The grapsoid and gall crab fauna of Easter Island is reviewed, based on historical records and material collected by the Science Museum of Long Island Easter Island Expedition of 1998–1999. Previously, nine grapsoids identified to the species level, but no gall crabs, were recorded from the island. The present work reports on eight species of grapsoids: Pachygrapsus laevimanusStimpson, 1858 (previously recorded from the island as Pachygrapsus transversus [Gibbes, 1850]); Pachygrapsus plicatus (H. Milne Edwards, 1837) (new record); Leptograpsus variegatus (Fabricius, 1793); Cyclograpsus longipesStimpson, 1858; Ptychognathus easteranusRathbun, 1907; Percnon pascuensisRetamal, 2002 (redescribed and figured); Guinusia dentipes (De Haan, 1835); and Guinusia integripes (Garth, 1973) (new combination). Geograpsus crinipes (Dana, 1851) and Guinusia chabrus (Linnaeus, 1758) have been previously recorded from the island; no material of the former was collected and the latter is considered an erroneous identification of Guinusia dentipes. Dacryomaia japonica (Takeda & Tamura, 1981) is the first identified gall crab from the island. Color notes for six species and illustrations for several important morphological characters of Percnon pascuensis are provided.
Here we report on two new reef fish species from the remote and isolated Easter Island—the striped boarfish Evistias acutirostris and the ornate butterflyfish Chaetodon ornatissimus were observed during scuba dives and underwater video around Easter Island, as well as at nearby Apolo Seamount. These observations are the first records of these species for the southeastern Pacific, which represents a major extension to their distributions and raises questions about the origins and persistence of reef fishes in remote subtropical locations.
Archaeological excavations on Tiga provide the first vouchered herpetological records for this small island between Lifou and Maré in the Loyalty Islands. Eighty-three skeletal elements from four sites yielded material assignable to skinks (Emoia loyaltiensis, Lioscincus nigrofasciolatus), geckos (Bavayia crass i-collis, B. sp., Gehyra georgpotthasti, Nactus pelagicus), and a boid snake (Candoia bihroni) all known from elsewhere in the Loyalties, as well as undetermined material consistent with these and other Loyalties lizards. Diagnostic features of geckos versus skinks for elements commonly recovered from archaeological sites and from owl pellets are discussed. Gehyra georgpotthasti has a limited distribution in the Loyalties and its occurrence on Tiga clarifies its range. The boid snake is the only reptile likely to have been harvested by human inhabitants of Tiga. The presence of gekkonid geckos in pre-European times is confirmed and contrasts with the situation of Grande Terre fossil sites, where only diplodactylid geckos have been recovered. Although it is anticipated that all species recovered from archaeological sites are still present on the island, a modern herpetofaunal survey is needed.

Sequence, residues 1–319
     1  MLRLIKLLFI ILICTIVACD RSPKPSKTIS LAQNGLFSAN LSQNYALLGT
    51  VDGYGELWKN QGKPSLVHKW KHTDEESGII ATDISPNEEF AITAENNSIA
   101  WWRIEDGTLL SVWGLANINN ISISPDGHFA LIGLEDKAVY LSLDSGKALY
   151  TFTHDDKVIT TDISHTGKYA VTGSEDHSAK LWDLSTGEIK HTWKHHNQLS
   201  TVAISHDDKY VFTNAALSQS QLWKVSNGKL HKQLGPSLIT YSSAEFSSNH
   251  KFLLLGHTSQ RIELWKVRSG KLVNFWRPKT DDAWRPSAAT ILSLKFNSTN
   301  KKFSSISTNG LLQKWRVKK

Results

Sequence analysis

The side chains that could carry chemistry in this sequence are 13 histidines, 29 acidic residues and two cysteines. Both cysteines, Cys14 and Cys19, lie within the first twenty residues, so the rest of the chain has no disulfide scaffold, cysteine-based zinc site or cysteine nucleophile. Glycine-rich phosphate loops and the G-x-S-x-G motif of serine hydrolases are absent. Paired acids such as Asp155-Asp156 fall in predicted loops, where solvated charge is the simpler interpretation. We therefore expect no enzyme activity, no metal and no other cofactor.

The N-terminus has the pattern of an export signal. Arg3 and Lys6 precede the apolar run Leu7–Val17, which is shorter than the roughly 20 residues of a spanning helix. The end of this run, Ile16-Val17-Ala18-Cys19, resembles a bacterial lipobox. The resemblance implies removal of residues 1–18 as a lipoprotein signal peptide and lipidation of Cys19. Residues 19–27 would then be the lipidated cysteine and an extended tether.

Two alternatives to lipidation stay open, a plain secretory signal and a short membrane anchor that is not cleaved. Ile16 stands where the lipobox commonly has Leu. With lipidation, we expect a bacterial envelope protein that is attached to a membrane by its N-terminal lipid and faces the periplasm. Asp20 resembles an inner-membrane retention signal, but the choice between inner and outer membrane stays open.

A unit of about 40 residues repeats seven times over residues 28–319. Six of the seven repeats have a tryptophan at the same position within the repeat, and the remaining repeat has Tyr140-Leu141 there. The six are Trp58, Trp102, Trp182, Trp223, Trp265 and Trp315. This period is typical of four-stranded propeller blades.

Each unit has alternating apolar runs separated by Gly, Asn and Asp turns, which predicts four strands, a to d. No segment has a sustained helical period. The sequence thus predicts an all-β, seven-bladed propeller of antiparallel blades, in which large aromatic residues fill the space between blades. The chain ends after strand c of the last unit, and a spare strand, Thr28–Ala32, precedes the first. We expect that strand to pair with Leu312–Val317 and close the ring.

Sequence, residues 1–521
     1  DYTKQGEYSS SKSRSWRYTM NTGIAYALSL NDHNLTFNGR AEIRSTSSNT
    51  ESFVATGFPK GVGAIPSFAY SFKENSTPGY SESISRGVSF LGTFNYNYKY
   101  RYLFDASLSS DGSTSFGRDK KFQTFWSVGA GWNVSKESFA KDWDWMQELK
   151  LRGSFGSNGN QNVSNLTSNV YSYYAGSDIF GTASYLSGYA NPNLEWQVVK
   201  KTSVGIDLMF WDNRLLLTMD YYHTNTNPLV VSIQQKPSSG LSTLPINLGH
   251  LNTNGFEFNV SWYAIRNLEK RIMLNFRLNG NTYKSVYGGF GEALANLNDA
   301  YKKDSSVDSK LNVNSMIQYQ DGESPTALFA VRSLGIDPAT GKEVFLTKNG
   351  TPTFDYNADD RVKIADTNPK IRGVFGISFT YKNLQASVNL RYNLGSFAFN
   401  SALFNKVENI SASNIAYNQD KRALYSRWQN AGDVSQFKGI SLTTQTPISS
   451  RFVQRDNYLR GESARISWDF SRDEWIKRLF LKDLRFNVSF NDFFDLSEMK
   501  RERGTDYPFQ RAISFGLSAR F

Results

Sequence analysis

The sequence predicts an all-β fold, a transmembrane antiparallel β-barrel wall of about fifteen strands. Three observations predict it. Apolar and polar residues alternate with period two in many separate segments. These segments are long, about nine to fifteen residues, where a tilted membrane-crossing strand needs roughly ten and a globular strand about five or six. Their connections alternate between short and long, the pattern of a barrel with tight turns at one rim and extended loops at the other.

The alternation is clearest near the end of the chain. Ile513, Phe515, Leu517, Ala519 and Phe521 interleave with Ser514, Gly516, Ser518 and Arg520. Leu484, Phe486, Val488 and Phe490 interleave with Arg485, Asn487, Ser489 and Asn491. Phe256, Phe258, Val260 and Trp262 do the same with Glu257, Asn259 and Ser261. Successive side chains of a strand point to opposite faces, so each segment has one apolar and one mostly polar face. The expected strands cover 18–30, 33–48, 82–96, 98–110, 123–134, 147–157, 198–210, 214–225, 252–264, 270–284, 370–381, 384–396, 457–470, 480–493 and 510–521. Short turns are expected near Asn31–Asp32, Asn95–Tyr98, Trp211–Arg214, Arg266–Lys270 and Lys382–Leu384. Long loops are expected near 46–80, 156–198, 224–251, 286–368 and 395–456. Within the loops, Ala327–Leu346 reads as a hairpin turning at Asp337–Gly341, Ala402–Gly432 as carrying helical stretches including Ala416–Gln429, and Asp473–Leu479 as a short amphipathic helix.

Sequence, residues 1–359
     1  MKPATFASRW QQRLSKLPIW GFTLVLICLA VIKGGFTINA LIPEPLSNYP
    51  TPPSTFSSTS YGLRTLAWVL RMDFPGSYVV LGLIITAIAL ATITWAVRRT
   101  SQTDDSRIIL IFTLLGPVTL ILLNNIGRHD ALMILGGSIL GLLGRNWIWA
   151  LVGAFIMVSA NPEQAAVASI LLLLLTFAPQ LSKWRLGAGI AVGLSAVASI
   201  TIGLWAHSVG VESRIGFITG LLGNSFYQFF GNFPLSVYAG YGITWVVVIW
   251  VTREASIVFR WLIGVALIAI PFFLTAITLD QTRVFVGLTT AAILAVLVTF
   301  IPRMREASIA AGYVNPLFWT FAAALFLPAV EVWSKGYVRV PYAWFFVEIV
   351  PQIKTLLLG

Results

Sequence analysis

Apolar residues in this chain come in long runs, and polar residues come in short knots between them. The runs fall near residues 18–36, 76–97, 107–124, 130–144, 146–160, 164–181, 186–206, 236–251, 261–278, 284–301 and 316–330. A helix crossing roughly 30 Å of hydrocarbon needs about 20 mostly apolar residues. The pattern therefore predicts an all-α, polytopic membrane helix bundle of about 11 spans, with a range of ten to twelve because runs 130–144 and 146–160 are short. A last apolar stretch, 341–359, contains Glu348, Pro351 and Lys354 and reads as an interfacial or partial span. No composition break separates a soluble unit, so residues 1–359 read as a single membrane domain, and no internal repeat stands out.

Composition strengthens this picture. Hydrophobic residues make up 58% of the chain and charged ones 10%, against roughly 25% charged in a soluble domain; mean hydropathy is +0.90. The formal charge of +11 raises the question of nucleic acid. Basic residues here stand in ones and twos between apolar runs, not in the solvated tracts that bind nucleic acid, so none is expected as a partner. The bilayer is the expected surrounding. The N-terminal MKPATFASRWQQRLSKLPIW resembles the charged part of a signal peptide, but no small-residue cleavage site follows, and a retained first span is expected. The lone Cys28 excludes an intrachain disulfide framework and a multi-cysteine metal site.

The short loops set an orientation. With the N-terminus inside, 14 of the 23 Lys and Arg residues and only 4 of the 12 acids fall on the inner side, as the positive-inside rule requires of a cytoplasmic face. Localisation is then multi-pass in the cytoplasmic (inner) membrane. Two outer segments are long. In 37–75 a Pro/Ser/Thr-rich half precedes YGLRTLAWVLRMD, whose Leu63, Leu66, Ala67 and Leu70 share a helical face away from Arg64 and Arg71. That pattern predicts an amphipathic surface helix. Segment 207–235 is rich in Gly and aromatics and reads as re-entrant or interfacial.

The island of Kaua‘i, Hawai‘i has several remaining populations of endangered, endemic Hawaiian petrels (Pterodroma sandwichensis) and Newell's shearwaters (Puffinus newelli) that would be threatened by the presence of predatory mongooses (Herpestes javanicus). Despite over 200 putative sightings, 1 road-kill and 2 recent captures, it is not clear if mongooses have actually become established on Kaua‘i. Comparing road transects on three Hawaiian islands, we found mongooses present on O‘ahu and Maui where they are known to occur and no evidence of significant populations on Kaua‘i. Three population scenarios are presented that would account for the three specimens, the past sightings, and the absence of sightings on our transects on Kaua‘i.